As we celebrate the Columban Mission Society's centennial, Columban lay missionary Haiti Muller refl ects on her journey in the prison ministry where she gets inspiration from the work of Columban Fr. Francis Chapman.
In mid-January 2018, I spent a few days with our Columban missionaries in the parish of Badin, Pakistan, before attending a meeting of our Columban missionaries living and working in Pakistan. Badin is in the interior Sindh Province and is served by Columban Frs. Tony Cavanagh and Dan O'Connor.
Pat Visanti was born and raised a Methodist on the island of Rotuma. Rotuma is both an island and a nation. It is about 400 miles north of Fiji and, even though ethnically and linguistically different from Fiji, was made part of Fiji during the colonial period.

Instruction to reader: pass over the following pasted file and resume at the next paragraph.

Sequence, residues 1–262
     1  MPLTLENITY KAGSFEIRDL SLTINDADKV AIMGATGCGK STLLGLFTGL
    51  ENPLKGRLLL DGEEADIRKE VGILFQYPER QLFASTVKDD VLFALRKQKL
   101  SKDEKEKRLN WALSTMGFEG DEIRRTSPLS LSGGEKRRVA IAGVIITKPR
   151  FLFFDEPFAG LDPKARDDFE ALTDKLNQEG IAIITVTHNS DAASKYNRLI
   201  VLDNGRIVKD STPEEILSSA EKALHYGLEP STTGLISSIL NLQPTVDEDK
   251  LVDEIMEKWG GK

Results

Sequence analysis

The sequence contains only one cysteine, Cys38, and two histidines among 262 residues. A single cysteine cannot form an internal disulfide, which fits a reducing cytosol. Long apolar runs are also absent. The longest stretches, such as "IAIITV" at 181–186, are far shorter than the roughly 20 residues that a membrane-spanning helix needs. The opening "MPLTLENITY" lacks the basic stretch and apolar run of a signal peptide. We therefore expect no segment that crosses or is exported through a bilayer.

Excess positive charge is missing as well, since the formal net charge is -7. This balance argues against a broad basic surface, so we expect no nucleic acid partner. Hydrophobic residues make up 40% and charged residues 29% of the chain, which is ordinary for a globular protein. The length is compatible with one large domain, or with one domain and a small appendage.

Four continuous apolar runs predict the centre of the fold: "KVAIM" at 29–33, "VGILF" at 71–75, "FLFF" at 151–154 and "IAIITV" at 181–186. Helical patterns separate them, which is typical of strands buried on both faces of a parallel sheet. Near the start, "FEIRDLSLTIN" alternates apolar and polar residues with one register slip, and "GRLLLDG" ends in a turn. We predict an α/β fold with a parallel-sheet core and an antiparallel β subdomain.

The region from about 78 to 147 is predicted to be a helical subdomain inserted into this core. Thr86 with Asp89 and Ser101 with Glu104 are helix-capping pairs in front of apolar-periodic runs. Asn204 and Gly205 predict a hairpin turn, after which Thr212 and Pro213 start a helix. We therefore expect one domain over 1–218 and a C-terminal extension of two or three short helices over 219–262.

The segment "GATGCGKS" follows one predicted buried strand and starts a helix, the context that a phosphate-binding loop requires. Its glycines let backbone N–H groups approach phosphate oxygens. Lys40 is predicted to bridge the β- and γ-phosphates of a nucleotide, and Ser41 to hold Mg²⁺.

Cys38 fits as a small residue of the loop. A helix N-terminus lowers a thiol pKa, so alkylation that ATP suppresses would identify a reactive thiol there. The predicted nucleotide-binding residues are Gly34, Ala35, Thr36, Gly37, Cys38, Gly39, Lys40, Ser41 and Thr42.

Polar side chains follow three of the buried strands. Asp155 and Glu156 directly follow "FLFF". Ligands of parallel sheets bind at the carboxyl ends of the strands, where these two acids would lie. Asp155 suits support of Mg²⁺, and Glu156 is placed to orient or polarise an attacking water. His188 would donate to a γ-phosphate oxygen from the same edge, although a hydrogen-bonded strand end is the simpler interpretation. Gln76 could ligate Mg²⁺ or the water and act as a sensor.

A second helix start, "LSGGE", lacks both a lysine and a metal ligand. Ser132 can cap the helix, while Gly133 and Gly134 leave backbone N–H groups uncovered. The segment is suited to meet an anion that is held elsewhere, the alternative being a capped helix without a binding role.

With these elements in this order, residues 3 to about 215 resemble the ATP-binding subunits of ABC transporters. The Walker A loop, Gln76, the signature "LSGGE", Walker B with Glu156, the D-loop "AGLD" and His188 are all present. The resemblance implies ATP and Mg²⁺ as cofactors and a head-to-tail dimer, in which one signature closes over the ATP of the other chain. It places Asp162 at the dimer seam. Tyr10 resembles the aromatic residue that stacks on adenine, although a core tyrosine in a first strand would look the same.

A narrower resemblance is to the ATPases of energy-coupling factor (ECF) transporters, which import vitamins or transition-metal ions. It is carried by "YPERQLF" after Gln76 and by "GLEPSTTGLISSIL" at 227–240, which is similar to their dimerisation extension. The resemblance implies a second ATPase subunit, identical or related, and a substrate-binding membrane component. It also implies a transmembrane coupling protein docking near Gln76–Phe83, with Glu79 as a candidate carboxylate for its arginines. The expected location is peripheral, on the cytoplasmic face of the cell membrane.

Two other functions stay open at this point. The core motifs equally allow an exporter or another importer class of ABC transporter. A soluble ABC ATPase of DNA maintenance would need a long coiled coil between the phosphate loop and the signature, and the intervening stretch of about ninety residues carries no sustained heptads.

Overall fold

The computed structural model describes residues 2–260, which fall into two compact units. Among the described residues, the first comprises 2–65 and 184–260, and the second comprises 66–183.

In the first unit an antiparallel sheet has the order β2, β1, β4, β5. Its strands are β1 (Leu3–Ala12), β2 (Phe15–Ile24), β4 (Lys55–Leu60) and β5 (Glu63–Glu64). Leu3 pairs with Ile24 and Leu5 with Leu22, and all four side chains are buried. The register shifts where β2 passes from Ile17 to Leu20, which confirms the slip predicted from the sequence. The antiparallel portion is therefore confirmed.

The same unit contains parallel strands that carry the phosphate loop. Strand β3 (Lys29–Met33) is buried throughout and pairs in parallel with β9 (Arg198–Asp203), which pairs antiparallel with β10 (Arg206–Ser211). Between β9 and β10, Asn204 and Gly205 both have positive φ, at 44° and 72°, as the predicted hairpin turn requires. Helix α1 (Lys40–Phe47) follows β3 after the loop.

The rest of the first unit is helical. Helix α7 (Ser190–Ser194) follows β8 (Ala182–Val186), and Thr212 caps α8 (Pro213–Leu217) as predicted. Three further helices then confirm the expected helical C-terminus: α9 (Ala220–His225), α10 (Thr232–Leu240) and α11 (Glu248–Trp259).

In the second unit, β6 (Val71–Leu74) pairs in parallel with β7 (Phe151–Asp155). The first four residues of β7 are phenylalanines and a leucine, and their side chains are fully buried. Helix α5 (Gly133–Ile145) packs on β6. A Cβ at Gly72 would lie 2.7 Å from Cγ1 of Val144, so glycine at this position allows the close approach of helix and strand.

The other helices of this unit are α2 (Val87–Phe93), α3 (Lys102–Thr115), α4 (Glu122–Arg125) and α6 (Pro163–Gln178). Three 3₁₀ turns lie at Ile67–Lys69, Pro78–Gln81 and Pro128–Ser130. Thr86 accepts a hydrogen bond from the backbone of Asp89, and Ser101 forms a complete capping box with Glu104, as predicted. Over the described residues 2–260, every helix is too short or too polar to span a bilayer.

Life begins at forty! That's what Fr. Tony Coney was about to discover as his plane touched down in Lima. As a newly ordained Columban priest he had said goodbye to his family and friends in Ireland and had traveled to Peru to begin his mission there on his fortieth birthday.
I have come that you may have life and have it in abundance. (John 10-10)
When I was growing up, I really didn't like reciting the Holy Rosary.
Why visit the prisoners? It seems that it would be a fearful activity to engage in. Columban Sister Joan Sawyer bravely looked that fear in the face and visited prisoners. Eventually, she lost her life in an uprising in a Peruvian prison.
In 2012, while I was working in a parish among the aboriginal people called Atayal in the mountains of Taiwan, we organized a pilgrimage to the northern Philippines (where I am originally from) as part of the celebration of the parish's 50th foundation anniversary.
What was the first thing you did when you entered the church today? I assume you dipped your finger in the holy water and made the sign of the cross. Making the sign of the cross affirms our faith in the Most Holy Trinity.